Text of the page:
Sociological Theory Term Paper

  • Length: 11 pages
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  • Subject: Sociology
  • Type: Term Paper
  • Paper: #14590401

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Sociological Theory

Sociology as a field of study entails examining and understanding the behavior of human groups and associated social behavior. In understanding these aspects, the sociologists have, their focus primarily concentrated on the human interactions. These human interactions revolve around how the different social relations influence the behavior and attitudes of the people and how the societies originate, form and change. Human interactions are vast, and so is the field of sociology. It covers virtually all the topics of human life, from gender, race, religion, education, politics, health, group behavior and conformity among others. Sociologist focus on how the society and people influence other people since most personal experiences has their origin from external or social forces.

Sociological imagination

The social and external forces exist within the society in the form of interpersonal relationships between families and friends. Additionally, these relations form from the encounters in the academic, religious, economic and all other types of social institutions. In the year 1959, a sociologist named, C. Wright Mills, therefore, established the concept of sociological imagination. He continued and defined the subject of sociological imagination concretely as the ability to see and create visualization of the impact that social forces have on the clandestine and public lives of persons. Therefore, sociological imagination is a central and essential part of understanding the sociological perspective. Sociological imagination is thus, the concept of being able to "think ourselves away" from the usual routines of our daily lives and being able to look at them anew from the familiar way (Allan, 2010). In practice, it is the awareness of the relation between the experiences and the wider society, seeing how things interact and influence each other. For an individual to have an alternative view of the situation starts with dissociating from the familiar view of the situation.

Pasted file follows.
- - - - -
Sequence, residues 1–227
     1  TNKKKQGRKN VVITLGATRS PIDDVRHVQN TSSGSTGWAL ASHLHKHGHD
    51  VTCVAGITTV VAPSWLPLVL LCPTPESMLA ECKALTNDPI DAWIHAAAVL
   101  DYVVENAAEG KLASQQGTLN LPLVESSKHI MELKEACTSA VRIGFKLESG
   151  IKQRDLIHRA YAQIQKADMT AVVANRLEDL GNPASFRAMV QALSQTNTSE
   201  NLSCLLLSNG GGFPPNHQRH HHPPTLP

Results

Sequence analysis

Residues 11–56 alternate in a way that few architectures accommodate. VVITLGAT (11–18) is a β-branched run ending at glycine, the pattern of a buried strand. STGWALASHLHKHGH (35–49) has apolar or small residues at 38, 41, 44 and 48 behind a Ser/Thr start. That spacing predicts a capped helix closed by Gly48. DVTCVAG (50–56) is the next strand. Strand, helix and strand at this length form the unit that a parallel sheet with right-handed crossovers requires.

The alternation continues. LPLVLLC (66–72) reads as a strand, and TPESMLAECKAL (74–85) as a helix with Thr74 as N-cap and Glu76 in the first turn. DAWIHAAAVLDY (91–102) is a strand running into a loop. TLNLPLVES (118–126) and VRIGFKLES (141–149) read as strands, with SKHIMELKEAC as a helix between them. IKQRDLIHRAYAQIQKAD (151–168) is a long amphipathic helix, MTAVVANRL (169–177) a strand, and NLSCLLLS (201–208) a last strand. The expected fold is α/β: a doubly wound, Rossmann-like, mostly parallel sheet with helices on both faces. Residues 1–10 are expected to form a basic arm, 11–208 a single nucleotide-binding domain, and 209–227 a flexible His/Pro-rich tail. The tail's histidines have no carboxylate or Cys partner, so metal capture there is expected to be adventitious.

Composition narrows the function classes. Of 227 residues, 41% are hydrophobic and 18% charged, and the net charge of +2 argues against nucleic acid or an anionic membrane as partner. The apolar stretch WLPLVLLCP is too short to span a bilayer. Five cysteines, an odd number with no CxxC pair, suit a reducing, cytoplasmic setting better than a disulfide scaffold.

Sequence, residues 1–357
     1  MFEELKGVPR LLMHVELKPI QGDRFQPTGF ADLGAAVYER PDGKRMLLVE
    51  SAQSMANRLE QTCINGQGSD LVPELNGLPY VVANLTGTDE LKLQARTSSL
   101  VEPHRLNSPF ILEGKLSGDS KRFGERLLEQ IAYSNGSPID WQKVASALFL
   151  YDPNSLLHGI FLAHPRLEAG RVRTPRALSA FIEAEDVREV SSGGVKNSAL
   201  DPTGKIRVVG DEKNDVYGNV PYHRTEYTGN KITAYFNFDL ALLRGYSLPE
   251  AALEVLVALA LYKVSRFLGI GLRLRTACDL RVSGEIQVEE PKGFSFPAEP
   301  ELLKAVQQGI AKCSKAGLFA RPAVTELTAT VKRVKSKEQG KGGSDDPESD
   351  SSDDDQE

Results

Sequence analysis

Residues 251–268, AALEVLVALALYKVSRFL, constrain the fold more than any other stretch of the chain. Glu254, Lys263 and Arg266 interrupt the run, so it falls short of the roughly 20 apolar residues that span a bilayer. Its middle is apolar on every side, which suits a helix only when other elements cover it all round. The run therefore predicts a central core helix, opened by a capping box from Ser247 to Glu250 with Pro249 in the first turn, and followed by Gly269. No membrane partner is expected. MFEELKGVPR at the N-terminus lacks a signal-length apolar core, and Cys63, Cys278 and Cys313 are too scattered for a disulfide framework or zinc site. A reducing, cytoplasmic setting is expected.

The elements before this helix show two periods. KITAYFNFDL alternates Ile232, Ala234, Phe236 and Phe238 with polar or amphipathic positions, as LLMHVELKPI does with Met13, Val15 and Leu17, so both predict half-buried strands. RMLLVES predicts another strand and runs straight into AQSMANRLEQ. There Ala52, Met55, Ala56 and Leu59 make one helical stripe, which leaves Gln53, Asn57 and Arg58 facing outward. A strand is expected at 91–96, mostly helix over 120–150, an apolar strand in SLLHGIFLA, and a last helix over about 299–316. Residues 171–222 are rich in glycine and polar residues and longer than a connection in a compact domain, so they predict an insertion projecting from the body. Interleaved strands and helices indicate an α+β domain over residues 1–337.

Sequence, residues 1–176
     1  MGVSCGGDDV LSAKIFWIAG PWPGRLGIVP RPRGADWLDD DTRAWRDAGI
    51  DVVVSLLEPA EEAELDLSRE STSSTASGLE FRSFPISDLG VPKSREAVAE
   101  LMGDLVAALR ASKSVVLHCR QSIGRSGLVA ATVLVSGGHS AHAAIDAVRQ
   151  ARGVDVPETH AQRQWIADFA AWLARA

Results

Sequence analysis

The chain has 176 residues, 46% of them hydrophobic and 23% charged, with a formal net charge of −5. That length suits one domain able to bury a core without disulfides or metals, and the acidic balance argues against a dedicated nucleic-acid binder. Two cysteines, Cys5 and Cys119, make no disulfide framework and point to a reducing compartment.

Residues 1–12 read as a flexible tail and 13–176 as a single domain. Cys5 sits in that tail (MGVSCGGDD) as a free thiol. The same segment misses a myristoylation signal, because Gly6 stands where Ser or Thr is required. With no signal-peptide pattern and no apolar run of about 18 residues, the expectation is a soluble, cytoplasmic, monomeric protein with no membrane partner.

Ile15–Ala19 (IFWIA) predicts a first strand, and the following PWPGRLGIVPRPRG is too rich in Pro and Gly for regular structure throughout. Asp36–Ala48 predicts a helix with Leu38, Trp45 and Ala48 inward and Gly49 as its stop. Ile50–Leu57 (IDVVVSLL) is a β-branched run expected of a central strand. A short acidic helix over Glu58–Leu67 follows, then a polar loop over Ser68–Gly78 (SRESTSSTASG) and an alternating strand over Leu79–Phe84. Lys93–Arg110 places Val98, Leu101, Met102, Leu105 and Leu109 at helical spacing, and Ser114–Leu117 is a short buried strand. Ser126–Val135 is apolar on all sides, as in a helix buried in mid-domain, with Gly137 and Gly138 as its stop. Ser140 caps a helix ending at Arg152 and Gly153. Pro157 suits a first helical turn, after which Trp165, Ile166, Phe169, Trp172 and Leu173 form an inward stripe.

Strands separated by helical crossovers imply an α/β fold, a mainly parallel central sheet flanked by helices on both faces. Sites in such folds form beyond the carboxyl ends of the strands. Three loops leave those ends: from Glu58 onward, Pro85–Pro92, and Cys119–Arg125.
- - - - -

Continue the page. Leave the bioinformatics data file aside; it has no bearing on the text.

Sociologists approach events and behaviors from a holistic and multidimensional perspective using sociological imagination. They focus on examining the personal and social forces when they are trying to fathom and elaborate any phenomena (Allan, 2010). For instance, to understand the concept of sociological imagination clearly, Mills gives several examples. The first example that he introduces is of a common happening in the society. Visualize this girl, she sees herself as being plump and wishes to get thin and fair. However, due to one or another reason, she cannot manage to achieve that look. This further develops into a chronic depression incidence, and she suffers from inferiority complex. In the pursuit to get thin, she becomes anorexic and thus faces associated severe health problems. If we approach this scenario from an isolation point of perception, we will observe that it is her personal problem, in which she is spoiling her life by her own actions. However, employing the concept of sociological imagination, we would manage to realize that, the condition she is experiencing originates from the larger society. It is the society, which is obsessed with the thin body and the fair skin. The media represents and portrays the thin and fair girl as the most beautiful and desirable; hence, this representation directly and indirectly affects the people as is happening to this girl. If it were only a few girls suffering from anorexia in the society, then we would conclude that it is a personal problem.

Another illustration from a different perspective is the prominent issue of jobs. Suppose there is this boy, he needs to get a job, but he does not manage because he has responsibilities such as loans and other bills that he needs to pay. After trying for some time, he does not manage, and, therefore, he decides to join the gangs, engaging in illegal and criminal activities. From an individual perspective, we would easily and quickly condemn this boy, saying that, he failed to try hard to get the job, and that he engaged in the crime to get easy and quick money (Bratton, Denham & Deutschmann, 2009). However, from a sociological imagination perspective, then we can observe conclusively that the larger social forces of economic meltdown, the high levels of unemployment, and irregularities in the subprime mortgage industry had a direct impact in the life of the boy. It is easy to blame this boy of having a deformed personal character. It would be true that if only few people suffered the same circumstance, then it would be a personal issue. However, it is true that several people, especially the youth who are suffering from the same problem causes the aspect to become a social and public problem, in which the government and the banking industry are involved. Therefore, the problem evolves from wider societal issues.